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Tuesday, May 20, 2008
Noose is tightening around Jakrapob
May 20, 2008
Jakrapob Penkair, the bisieged prime minister's office minister, is probably busying himself with translating into Thai language the long speech he gave to the Foreign Correspondents Club of Thailand last August shortly after he was released on bail from jail for involvement in a violent street protest in front of Privy Council president Prem Tinsulanonda's residence.Â
The firebrand politician who is facing allegation of making public remarks deemed offending to the Monarchy hopes to finish his translation and to have it made available to the public this Thursday in a desperate bid to clear himself of the allegation.Â But I wonder whether he will be able to clear himself?Â Or whether he will plunge deeper into troubles?
Jakrapob appears to be fighting a lonely battle to save his neck.Â There seems to be no one else in his People Power party where he can go to to get help.Â Which explains why he has to seek the counselling of former prime minister Chavalit Yongchaiyudh whose words seem to be ignored even by his former followers.Â I wonder how General Chavalit will be able to come to Jakrapob's rescue as the issue at stake appears to be beyond control.
The offence regarding lese majestie or anything close to it is different from the other criminal offences in a way that the principal component deemed as lese majestie or offending to the Monarchy such as a statement or a remark cannot be repeated in public without the risk of the alleged offender facing an additional charge of lese majestie.Â Exception is that the statement is stated in the court with the proceedings being held in camera.Â That probably explains why the Democrats who raised this issue against Jakrapob did not make public the Jakrapob's speech in English or the translated version so as not to risk themselves with possible litigation.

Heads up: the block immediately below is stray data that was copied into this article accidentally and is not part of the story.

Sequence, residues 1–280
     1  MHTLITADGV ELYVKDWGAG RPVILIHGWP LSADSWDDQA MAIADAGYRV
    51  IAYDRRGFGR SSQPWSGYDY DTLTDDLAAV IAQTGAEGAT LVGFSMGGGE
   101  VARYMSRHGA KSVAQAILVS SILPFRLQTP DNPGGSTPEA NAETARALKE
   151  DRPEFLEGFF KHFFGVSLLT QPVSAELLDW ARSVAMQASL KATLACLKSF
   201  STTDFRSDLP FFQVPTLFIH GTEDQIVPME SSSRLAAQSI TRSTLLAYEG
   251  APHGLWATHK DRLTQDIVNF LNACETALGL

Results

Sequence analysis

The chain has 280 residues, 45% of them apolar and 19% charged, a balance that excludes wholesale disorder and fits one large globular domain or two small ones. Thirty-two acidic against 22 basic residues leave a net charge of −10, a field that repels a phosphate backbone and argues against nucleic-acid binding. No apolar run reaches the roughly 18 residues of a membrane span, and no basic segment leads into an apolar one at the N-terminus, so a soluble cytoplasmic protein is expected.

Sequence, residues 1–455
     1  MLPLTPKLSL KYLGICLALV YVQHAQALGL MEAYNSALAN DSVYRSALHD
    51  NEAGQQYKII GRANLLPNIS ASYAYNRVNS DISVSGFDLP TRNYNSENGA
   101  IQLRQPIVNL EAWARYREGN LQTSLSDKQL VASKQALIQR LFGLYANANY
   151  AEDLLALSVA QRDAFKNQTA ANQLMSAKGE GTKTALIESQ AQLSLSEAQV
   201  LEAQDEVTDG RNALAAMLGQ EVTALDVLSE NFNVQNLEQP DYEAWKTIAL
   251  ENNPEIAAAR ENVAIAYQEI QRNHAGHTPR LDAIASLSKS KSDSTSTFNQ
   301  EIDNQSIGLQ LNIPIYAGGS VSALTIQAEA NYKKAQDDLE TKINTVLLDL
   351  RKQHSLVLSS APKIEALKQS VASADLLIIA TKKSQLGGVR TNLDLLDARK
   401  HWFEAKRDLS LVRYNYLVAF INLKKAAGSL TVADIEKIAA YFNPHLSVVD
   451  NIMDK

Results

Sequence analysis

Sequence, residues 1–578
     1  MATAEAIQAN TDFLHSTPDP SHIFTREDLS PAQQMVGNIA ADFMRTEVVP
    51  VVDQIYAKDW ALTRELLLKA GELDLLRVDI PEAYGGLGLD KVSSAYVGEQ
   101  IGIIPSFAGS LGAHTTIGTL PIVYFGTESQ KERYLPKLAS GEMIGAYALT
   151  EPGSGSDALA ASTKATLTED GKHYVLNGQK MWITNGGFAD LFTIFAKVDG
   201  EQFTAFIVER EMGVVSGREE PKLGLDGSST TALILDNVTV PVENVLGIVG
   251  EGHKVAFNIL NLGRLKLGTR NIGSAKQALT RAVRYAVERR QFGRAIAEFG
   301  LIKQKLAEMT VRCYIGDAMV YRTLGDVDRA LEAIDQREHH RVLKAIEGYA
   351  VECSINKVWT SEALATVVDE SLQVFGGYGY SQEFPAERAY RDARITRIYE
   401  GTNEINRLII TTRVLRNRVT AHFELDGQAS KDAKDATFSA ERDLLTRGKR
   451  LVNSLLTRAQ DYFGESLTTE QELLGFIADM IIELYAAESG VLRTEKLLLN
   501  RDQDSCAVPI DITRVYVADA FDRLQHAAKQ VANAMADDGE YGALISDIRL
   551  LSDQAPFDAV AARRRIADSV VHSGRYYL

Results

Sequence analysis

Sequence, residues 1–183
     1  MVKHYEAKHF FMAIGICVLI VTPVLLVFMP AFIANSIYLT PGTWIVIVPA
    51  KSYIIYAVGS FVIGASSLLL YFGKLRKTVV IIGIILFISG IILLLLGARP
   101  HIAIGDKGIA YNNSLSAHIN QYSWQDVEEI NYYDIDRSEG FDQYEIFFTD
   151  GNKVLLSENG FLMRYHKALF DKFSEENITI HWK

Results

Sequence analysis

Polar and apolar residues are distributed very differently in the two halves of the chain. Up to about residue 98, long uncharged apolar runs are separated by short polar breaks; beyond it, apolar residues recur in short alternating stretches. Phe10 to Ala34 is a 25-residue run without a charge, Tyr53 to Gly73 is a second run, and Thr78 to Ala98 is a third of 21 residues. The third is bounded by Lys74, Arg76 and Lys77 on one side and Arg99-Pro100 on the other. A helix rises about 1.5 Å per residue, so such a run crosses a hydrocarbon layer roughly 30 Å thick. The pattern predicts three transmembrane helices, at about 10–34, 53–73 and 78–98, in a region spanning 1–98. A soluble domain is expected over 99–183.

So how can Jakrapob clarify himself without going into some details of his controversial speech, either in Thai or English?Â If he goes ahead with disseminating his translated version of his speech, he will definitely risk commiting the second blunder - this time in his capacity as a minister not just a firebrand politician as he was when he first made the speech last August.Â In which case, the noose of the rope around his neck will become more tightening.
My sympathy for him as he appears to be caught in a lose-lose situation.Â For his own good and that of the government, I suggest that heÂ abandons his plan to distribute his Thai-language speech to the public and to resign.Â And if he wants to defend himself, he should do so in court.Â There is plenty of time for him to prepare himself as, you should know,Â who are in charge of the police.Â The case drags onÂ for months before it is presented before the court unless the police feel the heat to speed up the investigation.
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